The new season of a documentary series, Every Treasure Tells a Story, will show the stories behind the artifacts from three periods in imperial China.
When director Pan Yi visited the Hebei Museum in 2016, she saw the Changxin Palace Lamp for the first time. The gilded bronze lantern－unearthed from a tomb in 1968 that was buried with a vassal king's wife over 2,000 years ago－is one of China's most well-known artifacts.
"For a moment, time seems to have stopped moving forward. The lamp really looks like a young maid in the Western Han Dynasty (206 BC-AD 24) who is kneeling down to serve her master," Pan, 34, said during a news conference in Beijing on July 13.
"I was very curious about what 'she' had seen in the palace and what 'she' would think about the modern world if 'she' could come alive," she added.
This interesting idea reflects the inspiration for Every Treasure Tells a Story, a documentary series helmed by more than 10 directors including Pan that tells the stories of 100 artifacts selected from 3.8 million exhibits from nearly 100 museums across China.
The series, which saw its first season of 25 episodes air on China Central Television's documentary channel in January, will start its second season－also consisting of 25 episodes with each running for five minutes－on the same channel from Monday. Each episode focuses on a single artifact, and the series will eventually run to 100 episodes.
Thanks to its lighthearted tune and breezy narration style, the first season proved a hit with younger audiences, scoring a rating of 9.5 points out of 10 on Douban, a popular review site. (Photo by Jiang Dong/China Daily)
Compared to the first season, where the oldest artifacts date back to between 5000 BC and 3000 BC, the second season is slightly closer to the present day, covering the Warring States Period (475-221 BC), the Qin Dynasty (221-206 BC) and the Han Dynasty (206 BC-AD 220).
Speaking about the characteristics of these dynasties, Xu Huan, head of the directors' team, says: "Those were very creative and imaginative times. You can see a lot of innovation across multiple fields, from political systems to their cultural products and technology. They laid out the foundations of civilization for the following 2,000 years."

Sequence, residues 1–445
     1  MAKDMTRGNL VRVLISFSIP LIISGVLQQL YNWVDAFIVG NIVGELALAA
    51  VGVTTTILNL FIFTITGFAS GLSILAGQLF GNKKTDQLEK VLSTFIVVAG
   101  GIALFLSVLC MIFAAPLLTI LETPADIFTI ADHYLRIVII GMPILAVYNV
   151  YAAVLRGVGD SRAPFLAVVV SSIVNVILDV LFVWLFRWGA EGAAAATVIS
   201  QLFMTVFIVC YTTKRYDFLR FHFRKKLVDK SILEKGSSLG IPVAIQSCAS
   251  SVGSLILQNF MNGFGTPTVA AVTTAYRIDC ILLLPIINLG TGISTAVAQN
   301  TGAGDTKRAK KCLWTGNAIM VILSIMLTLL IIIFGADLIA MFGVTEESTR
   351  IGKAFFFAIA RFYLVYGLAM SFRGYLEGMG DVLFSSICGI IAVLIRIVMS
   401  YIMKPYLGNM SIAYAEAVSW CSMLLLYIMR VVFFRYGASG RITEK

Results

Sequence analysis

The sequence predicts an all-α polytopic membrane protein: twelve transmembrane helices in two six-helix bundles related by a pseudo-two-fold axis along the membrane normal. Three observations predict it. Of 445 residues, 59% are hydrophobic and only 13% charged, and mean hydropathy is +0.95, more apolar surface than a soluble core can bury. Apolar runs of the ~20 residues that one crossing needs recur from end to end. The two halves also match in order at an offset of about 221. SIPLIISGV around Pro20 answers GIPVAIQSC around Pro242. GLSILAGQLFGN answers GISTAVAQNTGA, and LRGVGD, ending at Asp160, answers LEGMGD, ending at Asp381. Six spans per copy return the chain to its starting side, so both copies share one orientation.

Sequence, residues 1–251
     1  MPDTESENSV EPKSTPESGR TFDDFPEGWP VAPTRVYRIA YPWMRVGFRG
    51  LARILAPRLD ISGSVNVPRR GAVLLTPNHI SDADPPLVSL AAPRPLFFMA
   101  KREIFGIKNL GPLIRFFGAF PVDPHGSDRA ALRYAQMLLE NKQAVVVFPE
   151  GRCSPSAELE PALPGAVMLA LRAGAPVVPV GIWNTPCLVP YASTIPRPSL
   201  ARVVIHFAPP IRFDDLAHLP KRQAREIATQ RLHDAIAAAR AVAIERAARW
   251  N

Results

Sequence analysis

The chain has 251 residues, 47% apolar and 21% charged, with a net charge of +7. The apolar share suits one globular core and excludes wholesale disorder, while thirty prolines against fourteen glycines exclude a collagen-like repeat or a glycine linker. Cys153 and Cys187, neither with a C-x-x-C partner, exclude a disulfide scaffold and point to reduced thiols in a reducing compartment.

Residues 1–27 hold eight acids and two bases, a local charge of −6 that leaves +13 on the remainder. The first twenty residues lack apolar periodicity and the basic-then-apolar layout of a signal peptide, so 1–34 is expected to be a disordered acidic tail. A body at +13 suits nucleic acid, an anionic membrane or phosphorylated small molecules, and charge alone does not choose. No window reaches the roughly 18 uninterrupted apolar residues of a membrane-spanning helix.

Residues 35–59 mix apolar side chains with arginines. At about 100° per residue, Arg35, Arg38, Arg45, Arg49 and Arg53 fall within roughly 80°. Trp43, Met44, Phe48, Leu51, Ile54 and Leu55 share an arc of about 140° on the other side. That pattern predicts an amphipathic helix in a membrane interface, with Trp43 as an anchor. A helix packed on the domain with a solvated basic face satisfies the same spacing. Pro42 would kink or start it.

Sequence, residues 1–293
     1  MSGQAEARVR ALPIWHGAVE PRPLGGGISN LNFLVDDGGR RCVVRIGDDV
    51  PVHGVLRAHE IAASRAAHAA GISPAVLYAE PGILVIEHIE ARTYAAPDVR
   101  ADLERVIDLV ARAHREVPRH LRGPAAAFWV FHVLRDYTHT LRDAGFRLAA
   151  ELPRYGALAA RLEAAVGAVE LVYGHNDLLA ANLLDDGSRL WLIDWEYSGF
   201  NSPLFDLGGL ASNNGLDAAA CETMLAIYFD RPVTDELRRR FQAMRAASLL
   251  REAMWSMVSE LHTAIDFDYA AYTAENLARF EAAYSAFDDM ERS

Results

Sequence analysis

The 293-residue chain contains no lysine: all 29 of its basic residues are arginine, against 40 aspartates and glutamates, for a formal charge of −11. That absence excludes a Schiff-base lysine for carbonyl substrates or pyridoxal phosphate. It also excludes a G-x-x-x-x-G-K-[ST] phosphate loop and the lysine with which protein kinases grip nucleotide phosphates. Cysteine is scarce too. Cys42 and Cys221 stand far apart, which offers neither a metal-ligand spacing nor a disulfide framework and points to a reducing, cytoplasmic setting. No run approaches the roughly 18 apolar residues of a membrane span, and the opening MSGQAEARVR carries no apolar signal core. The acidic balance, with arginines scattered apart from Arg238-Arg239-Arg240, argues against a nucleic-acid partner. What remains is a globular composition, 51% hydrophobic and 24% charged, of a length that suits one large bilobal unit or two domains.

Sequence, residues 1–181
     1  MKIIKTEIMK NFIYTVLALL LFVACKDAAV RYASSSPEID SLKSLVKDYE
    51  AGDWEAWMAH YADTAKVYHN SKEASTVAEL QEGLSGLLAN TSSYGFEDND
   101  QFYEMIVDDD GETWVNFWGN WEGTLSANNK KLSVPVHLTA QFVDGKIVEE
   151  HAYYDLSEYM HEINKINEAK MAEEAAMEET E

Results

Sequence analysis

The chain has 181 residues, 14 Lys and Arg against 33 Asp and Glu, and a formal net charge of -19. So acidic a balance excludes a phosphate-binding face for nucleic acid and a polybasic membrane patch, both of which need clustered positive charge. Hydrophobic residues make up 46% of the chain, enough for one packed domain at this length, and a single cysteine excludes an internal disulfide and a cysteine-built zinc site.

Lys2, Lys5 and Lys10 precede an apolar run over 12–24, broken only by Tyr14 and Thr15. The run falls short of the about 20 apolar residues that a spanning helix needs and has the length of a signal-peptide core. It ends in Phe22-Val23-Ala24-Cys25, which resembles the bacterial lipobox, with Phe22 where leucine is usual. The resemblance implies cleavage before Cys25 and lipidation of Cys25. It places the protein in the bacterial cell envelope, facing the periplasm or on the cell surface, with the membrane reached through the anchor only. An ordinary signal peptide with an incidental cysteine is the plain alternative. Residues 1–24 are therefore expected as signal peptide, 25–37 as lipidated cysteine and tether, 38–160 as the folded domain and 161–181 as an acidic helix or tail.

Aside from pottery, jade and bronze－the main materials used for making artifacts in the first season－the forthcoming season will cover the rapid expansion in the development of products during that era, such as lacquerware, stone sculptures, bamboo scripts and brocade, adds Xu.
She also believes the documentary will act as a reference point that will help guide the audience through the different periods of Chinese history and civilization.
Aiming to appeal to younger audiences used to more entertainment-based content, the series employed some advanced techniques during the production process, such as three-dimensional scanning techniques and 8K-resolution filming, the latest technology for capturing ultra high-definition sequences, says Zhang Ning, deputy editor-in-chief of China Central Television.(Photo by Jiang Dong/China Daily)
Zhu Jie, who directed several of the episodes, used stop-motion animation techniques to unfold the backdrop stories about The Gold Crown With an Eagle Perched on Top, the subject of the first episode of the second season.
Unearthed in the Inner Mongolian autonomous region in 1972, the centuries-old symbol of power was buried with a nomadic tribal ruler in China's northern prairies. Weighing 1,394 grams, it is the only crown of its kind ever to be discovered by archaeologists.
For the hundreds of years between the Qin and Han dynasties, emperors in the Central Plains fought wars with the northern tribes, causing innumerable deaths and injuries. Unwilling to recreate this dark chapter in history in a realistic, bloody way, Zhu asked a friend at a fine arts school to create puppets to shoot scenes about the conflict in the form of an animated short tale.
Up to 20 centimeters tall, the puppets were painted like nomadic warriors.
"It took us more than two months to finish the episode, making it the longest one I've made for the series," says Zhu.
A fan of Chinese culture, Zhu adds that he has been amazed by the depth of the ancient Chinese civilization during the making of the series. One of the items that impressed him the most was an ancient plain silk gauze garment, the subject of the 17th episode. Weighing just 48 grams, the light and transparent robe was discovered in Changsha's Mawangdui Tombs, which dates back to the Western Han Dynasty (206 BC-AD 24). The garment was buried with Xin Zhui, the wife of a prime minister of the Changsha Kingdom, a vassal state under the Han court.
"I was told the garment could fit into a matchbox. Experts nowadays have spent many years trying to make a replica of the robe. It's incredible to imagine that Chinese craftsmen had mastered such intricate silk-weaving skills more than 2,000 years ago," says Zhu.
The documentary is set for international release. According to Xu, the first season has already been translated into eight languages, including English, French, Spanish, Italian and German.(Photo by Jiang Dong/China Daily)